British Columbia boasts some of the highest diversity of salmon habitat that can be found anywhere on the planet, and maintaining these habitats is especially important in the face of global climate change. Much of these habitats are still relatively intact, and some fall within parks and protected areas. But in many parts of the province salmon habitat continues to be degraded or destroyed by urbanization, unregulated groundwater extraction, poor logging practices, mining for gravel and metals, oil and gas development; hydroelectric power development, open net-cage salmon farming and other human activities, compounding the negative impacts of climate change on salmon. Hatcheries have historically been used to mask the effects of habitat destruction, but they can decrease the genetic diversity of wild salmon and have their own set of potentially negative effects. See Threats to Salmon Habitat for more information.
The responsibility to protect and conserve salmon habitat lies with both the federal and provincial governments, but their ability to carry out this mandate has been eroded in recent years by deregulation and severe funding cuts to provincial and federal ministries.
Watershed Watch helps to protect and restore salmon habitat by raising public awareness about specific threats to salmon habitat; reviewing and critiquing development proposals through the provincial and federal environmental assessment processes; and by participating in projects that aim to restore lost salmon habitat.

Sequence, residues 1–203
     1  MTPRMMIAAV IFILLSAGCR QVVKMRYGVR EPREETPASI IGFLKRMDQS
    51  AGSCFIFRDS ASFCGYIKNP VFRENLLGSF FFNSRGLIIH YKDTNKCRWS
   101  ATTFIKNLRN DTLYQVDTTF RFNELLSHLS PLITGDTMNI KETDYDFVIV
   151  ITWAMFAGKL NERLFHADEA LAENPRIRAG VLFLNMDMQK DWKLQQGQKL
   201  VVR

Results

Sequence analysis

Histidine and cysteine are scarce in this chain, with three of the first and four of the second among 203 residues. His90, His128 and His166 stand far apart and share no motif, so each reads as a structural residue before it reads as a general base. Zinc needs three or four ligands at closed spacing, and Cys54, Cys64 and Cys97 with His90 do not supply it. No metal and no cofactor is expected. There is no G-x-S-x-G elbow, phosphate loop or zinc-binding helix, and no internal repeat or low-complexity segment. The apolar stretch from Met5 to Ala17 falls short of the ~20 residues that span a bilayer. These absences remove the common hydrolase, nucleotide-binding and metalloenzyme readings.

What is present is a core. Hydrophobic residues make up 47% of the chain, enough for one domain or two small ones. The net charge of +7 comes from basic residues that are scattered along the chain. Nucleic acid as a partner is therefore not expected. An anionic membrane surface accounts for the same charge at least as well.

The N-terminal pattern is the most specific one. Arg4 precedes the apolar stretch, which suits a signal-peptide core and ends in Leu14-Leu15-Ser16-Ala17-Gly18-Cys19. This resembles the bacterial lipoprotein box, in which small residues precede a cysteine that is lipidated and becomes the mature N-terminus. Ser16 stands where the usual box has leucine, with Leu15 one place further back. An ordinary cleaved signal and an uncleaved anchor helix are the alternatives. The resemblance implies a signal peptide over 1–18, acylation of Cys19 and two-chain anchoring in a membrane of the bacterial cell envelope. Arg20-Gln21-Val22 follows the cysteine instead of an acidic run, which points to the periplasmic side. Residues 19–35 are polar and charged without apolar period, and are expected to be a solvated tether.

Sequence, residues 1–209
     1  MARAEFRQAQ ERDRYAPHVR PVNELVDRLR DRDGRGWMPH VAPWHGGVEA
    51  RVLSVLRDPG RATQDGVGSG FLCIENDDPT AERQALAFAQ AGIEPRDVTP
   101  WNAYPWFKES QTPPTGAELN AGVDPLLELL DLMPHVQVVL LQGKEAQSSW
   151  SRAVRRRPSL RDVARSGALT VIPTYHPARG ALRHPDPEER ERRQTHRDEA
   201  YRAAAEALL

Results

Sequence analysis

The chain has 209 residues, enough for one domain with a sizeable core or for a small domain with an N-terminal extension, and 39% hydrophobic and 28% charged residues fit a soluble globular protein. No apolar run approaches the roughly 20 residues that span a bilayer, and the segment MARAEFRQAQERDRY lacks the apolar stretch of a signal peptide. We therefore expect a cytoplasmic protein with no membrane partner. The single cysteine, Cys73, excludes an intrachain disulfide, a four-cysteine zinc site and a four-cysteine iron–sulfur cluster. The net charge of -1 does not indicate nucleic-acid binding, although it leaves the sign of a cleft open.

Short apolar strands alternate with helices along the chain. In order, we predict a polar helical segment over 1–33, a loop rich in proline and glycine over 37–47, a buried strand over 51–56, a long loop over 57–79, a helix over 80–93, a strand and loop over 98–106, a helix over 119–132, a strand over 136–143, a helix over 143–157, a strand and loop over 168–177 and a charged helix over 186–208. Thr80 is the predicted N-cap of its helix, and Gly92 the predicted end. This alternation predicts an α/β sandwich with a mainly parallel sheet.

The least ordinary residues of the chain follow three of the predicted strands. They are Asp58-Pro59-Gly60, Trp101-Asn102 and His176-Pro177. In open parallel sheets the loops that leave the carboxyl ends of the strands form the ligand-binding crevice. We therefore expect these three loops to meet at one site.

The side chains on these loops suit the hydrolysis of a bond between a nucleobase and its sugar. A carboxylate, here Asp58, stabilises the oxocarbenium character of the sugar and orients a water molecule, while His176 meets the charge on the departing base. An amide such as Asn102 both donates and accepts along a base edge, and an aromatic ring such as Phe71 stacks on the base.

You can learn more about salmon and water issues using Watershed Watch’s Fraser Basin LiveMap: An Interactive Salmon and Water Atlas. This web-based tool allows users to explore Fraser waterways and salmon populations, the threats they face, and their current status and future prospects. The LiveMap includes official government data sets on historic water flows, salmon returns, water temperature, and other important factors that affect the aquatic ecosystems that make up the Fraser River watershed.